After her mother abandons them, Elizabeth and her scientist father Dr Murmur move to Witheringe House, his childhood home. Dr Murmur is introspective and sad, always working on his manuscripts with no time for his daughter. Elizabeth finds consolation in her imaginary friend and alter ego, Zenobia, who is her opposite in many ways.
Witheringe House is grey and bleak, shrouded in fog, its garden a tangle of weeds. A clump of hedge reveals an overgrown maze with a dead-looking tree at its centre. Zenobia is sure that the place is haunted, and, with Elizabeth reluctantly in tow, sets about locating the ghost, or Spirit Presence, that she believes lives there. Together, they explore the house, even the East Wing, which is out of bounds. In the dust-filled nursery, Elizabeth sees the face of a young girl in the shifting patterns of the flowery wallpaper and soon stumbles on other unsettling elements – a tombstone dedicated to her father’s younger sister, a mysterious gardener who speaks in a snake-like hiss, an abandoned red shoe and a mirror that ripples like a pool of water.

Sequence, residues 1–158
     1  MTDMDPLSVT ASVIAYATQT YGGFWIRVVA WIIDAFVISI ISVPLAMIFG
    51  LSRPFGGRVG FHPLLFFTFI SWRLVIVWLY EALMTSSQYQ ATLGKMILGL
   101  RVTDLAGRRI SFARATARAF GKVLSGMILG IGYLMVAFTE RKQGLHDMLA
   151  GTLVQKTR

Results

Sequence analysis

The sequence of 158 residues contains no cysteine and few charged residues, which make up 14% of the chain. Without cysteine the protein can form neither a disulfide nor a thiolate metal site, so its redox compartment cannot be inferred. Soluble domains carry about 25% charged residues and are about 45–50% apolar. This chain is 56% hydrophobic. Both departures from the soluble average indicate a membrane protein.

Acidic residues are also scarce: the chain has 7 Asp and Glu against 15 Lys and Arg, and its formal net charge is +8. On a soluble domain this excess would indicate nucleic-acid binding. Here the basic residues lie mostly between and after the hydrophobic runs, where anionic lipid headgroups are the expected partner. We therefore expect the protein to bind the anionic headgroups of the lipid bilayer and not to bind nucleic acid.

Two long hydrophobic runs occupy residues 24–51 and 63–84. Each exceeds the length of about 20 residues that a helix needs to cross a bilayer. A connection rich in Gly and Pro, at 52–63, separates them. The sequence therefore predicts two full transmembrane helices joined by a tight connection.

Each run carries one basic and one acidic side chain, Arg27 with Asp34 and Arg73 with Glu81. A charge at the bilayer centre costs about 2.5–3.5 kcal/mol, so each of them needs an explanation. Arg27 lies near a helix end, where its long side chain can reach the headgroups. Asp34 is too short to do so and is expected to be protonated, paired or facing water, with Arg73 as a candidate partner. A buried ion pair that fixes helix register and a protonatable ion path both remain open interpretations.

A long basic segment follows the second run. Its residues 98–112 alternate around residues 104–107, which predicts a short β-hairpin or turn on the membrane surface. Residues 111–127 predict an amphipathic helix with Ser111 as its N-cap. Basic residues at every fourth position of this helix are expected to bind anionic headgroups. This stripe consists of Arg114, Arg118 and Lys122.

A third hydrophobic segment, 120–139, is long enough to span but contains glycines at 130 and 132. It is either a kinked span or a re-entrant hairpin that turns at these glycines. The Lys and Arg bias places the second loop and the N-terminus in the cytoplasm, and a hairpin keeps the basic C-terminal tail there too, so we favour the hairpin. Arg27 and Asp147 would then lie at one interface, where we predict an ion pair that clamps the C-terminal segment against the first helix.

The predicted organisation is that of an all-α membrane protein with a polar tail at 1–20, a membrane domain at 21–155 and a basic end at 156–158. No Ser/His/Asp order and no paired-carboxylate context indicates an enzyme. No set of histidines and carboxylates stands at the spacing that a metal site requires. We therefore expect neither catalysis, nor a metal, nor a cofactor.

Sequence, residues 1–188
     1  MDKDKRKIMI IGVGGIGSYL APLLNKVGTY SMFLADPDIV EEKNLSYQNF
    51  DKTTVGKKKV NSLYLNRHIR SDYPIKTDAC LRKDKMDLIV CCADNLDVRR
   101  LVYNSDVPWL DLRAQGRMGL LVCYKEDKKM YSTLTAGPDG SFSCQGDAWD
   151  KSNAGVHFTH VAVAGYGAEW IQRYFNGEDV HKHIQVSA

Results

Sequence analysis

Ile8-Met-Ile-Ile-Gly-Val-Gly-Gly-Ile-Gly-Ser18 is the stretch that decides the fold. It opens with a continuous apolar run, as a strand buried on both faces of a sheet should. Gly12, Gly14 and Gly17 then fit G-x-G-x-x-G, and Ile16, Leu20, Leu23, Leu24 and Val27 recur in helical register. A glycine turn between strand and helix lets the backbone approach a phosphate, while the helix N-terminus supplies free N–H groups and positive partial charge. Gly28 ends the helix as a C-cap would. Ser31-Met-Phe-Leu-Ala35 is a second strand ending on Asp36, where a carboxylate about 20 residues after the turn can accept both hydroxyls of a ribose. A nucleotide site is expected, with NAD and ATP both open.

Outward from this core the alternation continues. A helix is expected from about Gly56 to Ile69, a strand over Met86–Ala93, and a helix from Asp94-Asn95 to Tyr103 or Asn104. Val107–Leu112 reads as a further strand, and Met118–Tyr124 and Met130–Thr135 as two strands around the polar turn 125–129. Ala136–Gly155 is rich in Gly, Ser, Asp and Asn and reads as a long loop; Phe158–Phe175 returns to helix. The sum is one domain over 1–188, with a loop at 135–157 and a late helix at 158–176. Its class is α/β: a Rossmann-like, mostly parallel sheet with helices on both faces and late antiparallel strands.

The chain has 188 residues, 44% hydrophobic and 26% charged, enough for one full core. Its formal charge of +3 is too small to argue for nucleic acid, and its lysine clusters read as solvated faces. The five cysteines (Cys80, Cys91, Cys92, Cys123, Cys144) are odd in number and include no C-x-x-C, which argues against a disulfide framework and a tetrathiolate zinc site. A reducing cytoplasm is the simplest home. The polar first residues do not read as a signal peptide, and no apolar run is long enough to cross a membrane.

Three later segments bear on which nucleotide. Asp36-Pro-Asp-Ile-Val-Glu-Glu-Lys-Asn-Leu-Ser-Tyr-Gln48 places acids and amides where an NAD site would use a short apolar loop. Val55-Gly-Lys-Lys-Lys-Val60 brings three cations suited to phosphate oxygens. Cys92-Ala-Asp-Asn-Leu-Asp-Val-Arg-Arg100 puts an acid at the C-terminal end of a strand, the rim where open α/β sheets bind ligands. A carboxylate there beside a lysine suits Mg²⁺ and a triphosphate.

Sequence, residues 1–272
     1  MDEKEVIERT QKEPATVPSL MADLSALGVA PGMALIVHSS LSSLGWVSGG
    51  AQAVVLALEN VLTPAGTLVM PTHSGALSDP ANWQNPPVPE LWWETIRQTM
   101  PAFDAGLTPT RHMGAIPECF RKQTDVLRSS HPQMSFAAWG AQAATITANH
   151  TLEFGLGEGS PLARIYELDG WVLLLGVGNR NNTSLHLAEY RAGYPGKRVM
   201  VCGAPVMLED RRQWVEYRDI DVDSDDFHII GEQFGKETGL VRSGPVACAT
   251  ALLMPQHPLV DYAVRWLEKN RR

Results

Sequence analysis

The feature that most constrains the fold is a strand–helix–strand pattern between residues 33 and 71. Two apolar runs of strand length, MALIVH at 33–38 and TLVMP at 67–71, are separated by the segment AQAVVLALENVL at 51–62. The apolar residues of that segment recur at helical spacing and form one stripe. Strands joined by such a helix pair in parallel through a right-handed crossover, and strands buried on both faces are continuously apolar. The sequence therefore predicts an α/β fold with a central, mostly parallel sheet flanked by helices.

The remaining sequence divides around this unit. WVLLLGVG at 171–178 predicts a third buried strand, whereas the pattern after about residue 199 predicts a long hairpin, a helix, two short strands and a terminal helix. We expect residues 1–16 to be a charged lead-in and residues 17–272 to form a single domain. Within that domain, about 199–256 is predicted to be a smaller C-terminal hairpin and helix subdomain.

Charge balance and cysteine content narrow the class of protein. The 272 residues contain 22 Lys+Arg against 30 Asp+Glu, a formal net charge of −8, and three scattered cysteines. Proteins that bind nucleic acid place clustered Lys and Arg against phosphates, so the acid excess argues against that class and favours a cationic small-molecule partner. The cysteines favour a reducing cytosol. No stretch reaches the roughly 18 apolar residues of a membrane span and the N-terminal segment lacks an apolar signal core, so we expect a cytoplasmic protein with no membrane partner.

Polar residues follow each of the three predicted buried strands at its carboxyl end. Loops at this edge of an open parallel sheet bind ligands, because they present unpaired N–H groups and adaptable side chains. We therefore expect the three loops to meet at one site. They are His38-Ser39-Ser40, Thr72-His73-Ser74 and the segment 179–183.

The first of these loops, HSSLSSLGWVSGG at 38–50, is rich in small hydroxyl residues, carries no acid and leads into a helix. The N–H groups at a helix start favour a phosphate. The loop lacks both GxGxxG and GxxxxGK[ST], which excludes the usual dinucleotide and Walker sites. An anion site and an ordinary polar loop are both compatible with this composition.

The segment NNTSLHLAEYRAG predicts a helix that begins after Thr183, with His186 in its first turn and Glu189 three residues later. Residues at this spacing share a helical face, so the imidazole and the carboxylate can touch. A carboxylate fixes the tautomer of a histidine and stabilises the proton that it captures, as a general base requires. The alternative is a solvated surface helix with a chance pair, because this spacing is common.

The story, essentially about a child craving recognition and love, is the author’s first novel. Well written, its gothic setting works well and is convincingly creepy and suspenseful. The secondary characters – the distant father, hovering housekeeper and likeable governess – provide the backdrop and build suspense. The main characters, Elizabeth and Zenobia, complement each other – the former is timid, cautious and lonely, the latter obsessive, outspoken and flamboyant – and their interaction results in tension, drama and also humour. By the end of the story, Elizabeth finds courage – and the beginnings of happiness.